Or perhaps just some fun plans for the weekend? Or a new film release? (I haven’t seen La La Land yet but it’s happening soon-ish hopefully!) Let me know in the comments!


Goodreads | Twitter | Tumblr | Instagram | Bloglovin’

Friday Reads | 13th January 2017

Another week, another Friday, another Friday Reads. This one is a little special, however, since it’s my first of 2017. Happy 2017, here’s to (probably inevitably) more of the same… at least in terms of reading!

gofOn that note, I’m still reading/listening to the audiobook I was listening to in my previous Friday Reads back in December 2016 – Harry Potter and the Goblet of Fire by JK Rowling. This is making many a morning train ride bearable, but it’s also a bloody long book, so progress seems quite slow going (and it feels it at times, too!). I’m about 58% of the way through and I’ve just experienced the hilarity that is The Yule Ball chapter. (Ron and Hermione’s argument is my favourite thing ever, ngl.) So onwards and upwards into the trials and tribulations of The Triwizard Tournament and I’m actually really looking forward to the second half of the book because, although I watch the film quite a lot, I don’t very often re-read Goblet of Fire, for obvious length-based reasons.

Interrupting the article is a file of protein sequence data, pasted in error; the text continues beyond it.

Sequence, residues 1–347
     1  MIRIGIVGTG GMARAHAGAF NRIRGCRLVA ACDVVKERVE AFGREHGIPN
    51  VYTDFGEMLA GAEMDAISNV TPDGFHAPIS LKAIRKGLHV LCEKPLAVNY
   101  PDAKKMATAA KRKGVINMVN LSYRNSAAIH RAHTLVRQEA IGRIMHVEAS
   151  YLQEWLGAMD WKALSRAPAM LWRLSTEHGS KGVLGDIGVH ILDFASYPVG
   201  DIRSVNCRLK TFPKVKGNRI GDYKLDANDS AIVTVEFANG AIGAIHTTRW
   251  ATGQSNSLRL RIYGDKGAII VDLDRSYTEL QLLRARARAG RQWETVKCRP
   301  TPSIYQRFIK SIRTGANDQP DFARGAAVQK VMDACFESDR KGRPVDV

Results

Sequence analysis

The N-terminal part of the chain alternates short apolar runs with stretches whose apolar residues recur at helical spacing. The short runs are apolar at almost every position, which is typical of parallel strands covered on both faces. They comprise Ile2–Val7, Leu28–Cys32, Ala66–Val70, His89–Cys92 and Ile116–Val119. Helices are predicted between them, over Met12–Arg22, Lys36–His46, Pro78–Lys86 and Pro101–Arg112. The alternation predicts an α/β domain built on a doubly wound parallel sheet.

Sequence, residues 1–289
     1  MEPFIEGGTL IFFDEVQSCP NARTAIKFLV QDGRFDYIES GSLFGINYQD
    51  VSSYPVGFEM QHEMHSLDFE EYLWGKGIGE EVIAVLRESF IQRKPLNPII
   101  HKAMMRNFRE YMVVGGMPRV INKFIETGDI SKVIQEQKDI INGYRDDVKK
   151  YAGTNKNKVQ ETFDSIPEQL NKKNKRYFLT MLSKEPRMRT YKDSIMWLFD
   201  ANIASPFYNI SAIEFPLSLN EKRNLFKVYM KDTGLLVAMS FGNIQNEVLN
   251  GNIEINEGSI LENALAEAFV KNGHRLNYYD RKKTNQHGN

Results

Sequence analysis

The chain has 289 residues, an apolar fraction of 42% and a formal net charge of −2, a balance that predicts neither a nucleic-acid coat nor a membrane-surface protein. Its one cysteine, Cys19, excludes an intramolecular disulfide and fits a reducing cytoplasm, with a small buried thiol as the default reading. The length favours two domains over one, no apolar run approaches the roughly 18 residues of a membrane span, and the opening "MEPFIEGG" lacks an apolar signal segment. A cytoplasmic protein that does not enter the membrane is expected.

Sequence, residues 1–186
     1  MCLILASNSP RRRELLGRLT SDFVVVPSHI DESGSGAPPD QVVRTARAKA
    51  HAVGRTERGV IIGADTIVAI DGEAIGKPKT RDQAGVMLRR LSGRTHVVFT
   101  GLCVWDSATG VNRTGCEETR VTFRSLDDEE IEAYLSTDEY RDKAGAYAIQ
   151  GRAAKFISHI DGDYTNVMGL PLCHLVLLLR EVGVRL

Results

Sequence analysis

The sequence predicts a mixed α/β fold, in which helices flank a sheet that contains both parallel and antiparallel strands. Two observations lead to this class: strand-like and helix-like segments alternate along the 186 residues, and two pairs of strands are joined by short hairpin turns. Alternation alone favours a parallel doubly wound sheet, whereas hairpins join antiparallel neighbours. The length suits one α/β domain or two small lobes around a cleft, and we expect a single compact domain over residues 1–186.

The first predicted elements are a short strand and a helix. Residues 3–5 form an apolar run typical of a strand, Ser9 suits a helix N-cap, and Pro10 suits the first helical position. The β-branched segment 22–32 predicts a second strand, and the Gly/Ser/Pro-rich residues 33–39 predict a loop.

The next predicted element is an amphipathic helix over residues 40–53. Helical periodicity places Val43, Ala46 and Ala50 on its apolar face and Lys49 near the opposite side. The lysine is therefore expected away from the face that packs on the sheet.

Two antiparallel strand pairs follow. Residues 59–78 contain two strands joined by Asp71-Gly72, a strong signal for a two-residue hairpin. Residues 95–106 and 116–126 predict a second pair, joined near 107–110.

darkestmindsI’m also reading The Darkest Minds by Alexandra Bracken. I requested and was sent this to review for Cuckoo Review, a writing programme/website I’m part of (in my own small way), and my review is due on Monday so I really, really need to get cracking with finishing this book. I’m… enjoying it reasonably so far, I think. Actually, a lot of the reasons I’m not wholly invested in the story aren’t really the book’s fault so I’m not sure where I will stand on it in my review, to be honest – is it the book’s fault that I am kind of over the whole heroine-of-book’s POV in a dystopian world narrative? I’m not sure. And it’s going to make completing my review a little tricky but, hey, that’s sort of a challenge in and of itself. And it’s good to be challenged when reading/reviewing.

asouenetflixHaving said both of those things… I’m also very aware that today is the darkest of days – the day that Netflix drops A Series of Unfortunate Events! I haven’t been this excited for a TV show in a while (well, since the Gilmore Girls specials) and whilst it would be nice to sit here and pretend this weekend will be dedicated entirely to reading… I’d be lying through my teeth – I fully intend to carve out a large block of time to snuggle up and not move for (hopefully) hours whilst I watch ASOUE. Likewise, me and Liz keep putting off going outside after work in order to go to the cinema and see Assassin’s Creed, but it’s now showing at a small local cinema and its proximity and cheaper price makes it an appealing offer ahead of the Odeon in town, and we should be seeing it sometime this weekend. And that sounds like a pretty damn ideal weekend to me!


So, those are my likely reading plans for today and heading into the weekend ahead. Do you have any Friday Reads posts?

Or perhaps just some fun plans for the weekend? Are you excited for A Series of Unfortunate Events like I am? Or perhaps a new film release? Let me know in the comments!


Goodreads | Twitter | Tumblr | Instagram | Bloglovin’